Studio One stands as one of Jamaica’s most celebrated record labels and recording studios, often referred to as the “Motown of Jamaica.” This iconic label played a pivotal role in shaping the music scene of Jamaica throughout the 1960s and 1970s, traversing various musical movements, including ska, rocksteady, reggae, dub, and dancehall.

The Birth of Studio One

The inception of Studio One can be traced back to 1954, when it was founded by the legendary Clement “Coxsone” Dodd. However, it wasn’t until 1963 that the studio began cutting its first recordings on Brentford Road in Kingston. Among the earliest records to grace its catalog were tracks like “Easy Snappin” by Theophilus Beckford, with backing by Clue J & His Blues Blasters, and “This Man is Back” by the talented trombonist Don Drummond. Prior to founding Studio One, Coxsone Dodd had been involved with several other labels, including World Disc, and had gained recognition for running one of the largest and most reputable sound systems in Kingston, known as Sir Coxsone the Downbeat.

The Skatalites Era (1964-1965)

In the early 1960s, the house band that provided backing for vocalists at Studio One was none other than the Skatalites, a renowned group of musicians. The band’s members, which included Roland Alphonso, Don Drummond, Tommy McCook, Jackie Mittoo, Lester Sterling, and Lloyd Brevett, were handpicked by Coxsone Dodd from Kingston’s vibrant jazz scene. The Skatalites played a pivotal role in shaping the sound of Studio One during their tenure, a period marked by the evolution of ska.

However, in 1965, following Don Drummond’s incarceration for murder, the Skatalites disbanded. Coxsone Dodd then assembled a new house band, the Soul Brothers (1965ā€“66), which would later become the Soul Vendors (1967) and Sound Dimension (1967-). These bands played a staggering number of rhythms, about 60 per week, with Jackie Mittoo serving as the music director. The line-up included Brian Atkinson, Hux Brown, Harry Haughton, Joe Isaacs, Denzel Laing, and a rotating cast of horn players, including Roland Alphonso, Dennis ‘Ska’ Campbell, Bobby Ellis, Lester Sterling, and others.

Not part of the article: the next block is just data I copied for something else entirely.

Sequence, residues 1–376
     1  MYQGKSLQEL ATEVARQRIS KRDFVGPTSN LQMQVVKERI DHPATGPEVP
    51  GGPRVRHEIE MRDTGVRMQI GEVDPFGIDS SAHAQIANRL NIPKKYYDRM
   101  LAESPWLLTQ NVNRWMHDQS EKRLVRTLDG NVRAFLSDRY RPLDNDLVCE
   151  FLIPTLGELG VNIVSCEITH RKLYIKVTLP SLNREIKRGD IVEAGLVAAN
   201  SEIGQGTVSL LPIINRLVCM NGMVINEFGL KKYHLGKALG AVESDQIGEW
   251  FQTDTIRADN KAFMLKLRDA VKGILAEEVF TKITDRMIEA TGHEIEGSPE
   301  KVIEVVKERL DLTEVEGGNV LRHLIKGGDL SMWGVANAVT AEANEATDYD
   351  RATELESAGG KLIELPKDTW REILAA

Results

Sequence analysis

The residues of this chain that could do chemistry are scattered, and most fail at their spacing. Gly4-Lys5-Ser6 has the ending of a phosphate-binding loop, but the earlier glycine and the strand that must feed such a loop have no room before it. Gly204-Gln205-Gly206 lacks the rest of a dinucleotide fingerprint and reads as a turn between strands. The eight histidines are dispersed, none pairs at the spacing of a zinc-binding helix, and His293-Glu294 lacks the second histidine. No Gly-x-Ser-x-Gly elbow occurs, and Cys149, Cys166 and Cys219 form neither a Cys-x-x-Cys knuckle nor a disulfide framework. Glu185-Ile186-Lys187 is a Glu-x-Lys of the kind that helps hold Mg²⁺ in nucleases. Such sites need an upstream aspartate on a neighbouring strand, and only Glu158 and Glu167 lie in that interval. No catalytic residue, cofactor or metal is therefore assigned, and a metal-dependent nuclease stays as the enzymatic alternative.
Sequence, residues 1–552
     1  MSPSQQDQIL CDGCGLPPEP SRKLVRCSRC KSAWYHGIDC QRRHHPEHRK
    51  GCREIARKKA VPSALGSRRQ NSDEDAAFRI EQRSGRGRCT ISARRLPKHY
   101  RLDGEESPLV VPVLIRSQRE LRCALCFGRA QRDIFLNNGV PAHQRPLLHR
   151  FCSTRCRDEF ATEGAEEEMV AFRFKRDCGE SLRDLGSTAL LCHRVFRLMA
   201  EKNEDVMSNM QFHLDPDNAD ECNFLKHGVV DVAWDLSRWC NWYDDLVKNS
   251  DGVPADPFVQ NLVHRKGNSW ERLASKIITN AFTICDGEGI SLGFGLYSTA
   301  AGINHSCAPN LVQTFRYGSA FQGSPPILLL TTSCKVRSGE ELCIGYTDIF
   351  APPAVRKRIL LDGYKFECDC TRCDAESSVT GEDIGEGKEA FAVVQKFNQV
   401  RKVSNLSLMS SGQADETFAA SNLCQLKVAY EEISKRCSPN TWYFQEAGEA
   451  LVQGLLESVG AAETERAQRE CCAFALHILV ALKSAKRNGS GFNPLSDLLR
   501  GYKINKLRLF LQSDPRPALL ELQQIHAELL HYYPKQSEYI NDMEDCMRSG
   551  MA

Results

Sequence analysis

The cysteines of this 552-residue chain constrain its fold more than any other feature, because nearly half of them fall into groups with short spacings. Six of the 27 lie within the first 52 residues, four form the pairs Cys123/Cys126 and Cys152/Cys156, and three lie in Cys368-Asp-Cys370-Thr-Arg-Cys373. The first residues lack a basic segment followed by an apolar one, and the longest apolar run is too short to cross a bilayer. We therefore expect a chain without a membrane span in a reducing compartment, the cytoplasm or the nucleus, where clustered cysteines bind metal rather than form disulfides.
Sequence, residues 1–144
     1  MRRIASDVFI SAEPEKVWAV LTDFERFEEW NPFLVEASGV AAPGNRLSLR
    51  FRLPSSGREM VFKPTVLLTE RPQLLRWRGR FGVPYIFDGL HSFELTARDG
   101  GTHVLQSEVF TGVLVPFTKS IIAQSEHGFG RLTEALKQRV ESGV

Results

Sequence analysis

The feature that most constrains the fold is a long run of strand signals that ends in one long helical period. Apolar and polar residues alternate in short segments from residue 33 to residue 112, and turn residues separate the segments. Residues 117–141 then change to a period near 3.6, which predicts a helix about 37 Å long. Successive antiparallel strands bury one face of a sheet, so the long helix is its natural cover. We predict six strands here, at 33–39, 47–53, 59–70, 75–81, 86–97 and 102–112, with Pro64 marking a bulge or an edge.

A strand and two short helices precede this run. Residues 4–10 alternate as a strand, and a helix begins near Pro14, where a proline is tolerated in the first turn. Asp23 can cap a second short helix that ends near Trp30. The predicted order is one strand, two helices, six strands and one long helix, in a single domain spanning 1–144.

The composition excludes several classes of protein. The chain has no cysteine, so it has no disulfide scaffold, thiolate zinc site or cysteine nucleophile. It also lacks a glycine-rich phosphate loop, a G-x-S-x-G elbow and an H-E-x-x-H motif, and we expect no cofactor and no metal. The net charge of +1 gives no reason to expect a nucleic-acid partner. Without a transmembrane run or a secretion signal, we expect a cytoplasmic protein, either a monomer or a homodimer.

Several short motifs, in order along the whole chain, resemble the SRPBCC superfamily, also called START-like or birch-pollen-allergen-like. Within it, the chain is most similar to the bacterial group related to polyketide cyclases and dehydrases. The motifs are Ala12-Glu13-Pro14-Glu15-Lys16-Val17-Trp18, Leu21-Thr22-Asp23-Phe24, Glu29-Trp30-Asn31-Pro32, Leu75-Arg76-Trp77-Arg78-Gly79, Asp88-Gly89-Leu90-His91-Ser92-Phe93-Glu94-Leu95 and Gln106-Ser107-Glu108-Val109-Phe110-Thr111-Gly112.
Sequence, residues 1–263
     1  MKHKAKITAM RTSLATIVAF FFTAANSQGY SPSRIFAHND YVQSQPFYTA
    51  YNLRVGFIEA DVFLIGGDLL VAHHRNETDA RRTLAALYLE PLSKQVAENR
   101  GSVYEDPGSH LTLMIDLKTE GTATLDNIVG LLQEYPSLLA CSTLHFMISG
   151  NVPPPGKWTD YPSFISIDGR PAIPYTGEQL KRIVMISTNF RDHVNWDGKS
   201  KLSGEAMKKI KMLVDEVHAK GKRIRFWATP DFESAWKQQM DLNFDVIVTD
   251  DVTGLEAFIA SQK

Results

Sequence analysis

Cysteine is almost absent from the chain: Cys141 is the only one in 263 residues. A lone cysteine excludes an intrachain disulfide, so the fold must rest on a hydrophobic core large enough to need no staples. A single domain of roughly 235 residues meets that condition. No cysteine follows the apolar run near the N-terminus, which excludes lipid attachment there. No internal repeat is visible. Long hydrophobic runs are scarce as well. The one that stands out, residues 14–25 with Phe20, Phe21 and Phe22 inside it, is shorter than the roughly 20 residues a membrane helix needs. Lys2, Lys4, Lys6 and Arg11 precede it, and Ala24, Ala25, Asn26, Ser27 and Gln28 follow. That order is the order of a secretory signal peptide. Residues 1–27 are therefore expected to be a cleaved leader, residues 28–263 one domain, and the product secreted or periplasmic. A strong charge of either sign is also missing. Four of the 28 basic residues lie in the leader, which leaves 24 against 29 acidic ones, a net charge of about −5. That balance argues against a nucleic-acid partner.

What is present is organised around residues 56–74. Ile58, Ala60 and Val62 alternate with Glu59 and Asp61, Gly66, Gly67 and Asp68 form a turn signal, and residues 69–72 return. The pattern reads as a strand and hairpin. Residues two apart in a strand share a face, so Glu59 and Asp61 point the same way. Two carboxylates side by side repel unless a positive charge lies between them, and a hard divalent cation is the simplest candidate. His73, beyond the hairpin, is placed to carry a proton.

Nocturnal Sessions and Iconic Recordings

In the night time hours at Studio One from 1965 to 1968, a constellation of legendary singers, including Bob Marley, Burning Spear, The Heptones, and Rita Marley, among many others, would don headphones to record vocals to original tracks laid down by the Soul Brothers earlier in the day. These late-night sessions produced seminal recordings like “Real Rock” (by Sound Dimension), “Heavy Rock,” “Jamaica Underground,” “Wakie Wakie,” “Lemon Tree,” “Hot Shot,” “I’m Still In Love With You,” “Dancing Mood,” and “Creation Rebel.”

The Legacy of The Skatalites and Studio One

Jackie Mittoo, Joe Isaacs, and Brian Atkinson left Studio One in 1968 and moved to Canada, while the Soul Brothers (a.k.a. Sound Dimension) continued to influence reggae music in the late 1960s. Their original tracks have been versioned and re-versioned by numerous artists over the decades, including Shaggy, Sean Paul, Snoop Lion, The Clash, String Cheese Incident, UB40, Sublime, and countless others who sought to capture the magic of Studio One’s original Rock Steady sound.

The studio’s doors closed when Coxsone Dodd relocated to New York City in the mid-1980s. However, he continued to manage the label from his new base.

The Artists of Studio One

Studio One holds a treasure trove of music recorded and released by some of Jamaica’s most iconic artists. The list includes names like The Skatalites, The Ethiopians, Bob Marley and the Wailers, Lee “Scratch” Perry, Burning Spear, Toots & the Maytals, John Holt, Horace Andy, Ken Boothe, Freddie McGregor, Dennis Brown, Jackie Mittoo, Gladiators, Michigan & Smiley, Wailing Souls, Dillinger, Delroy Wilson, Heptones, Johnny Osbourne, Marcia Griffiths, Sugar Minott, The Abyssinians, Culture, Soul Vendors, Lone Ranger, Carlton and The Shoes, Alton Ellis, Willi Williams, Judah Eskender Tafari, and many more.

Additionally, Prince Buster, Studio One’s noted rival, launched his career working for Coxsone Dodd’s sound system. The studio also played host to renowned record producer Harry J, who recorded many of his best-known releases within its hallowed walls. Studio One’s influence on Jamaican music is immeasurable, and its legacy continues to resonate with music lovers worldwide.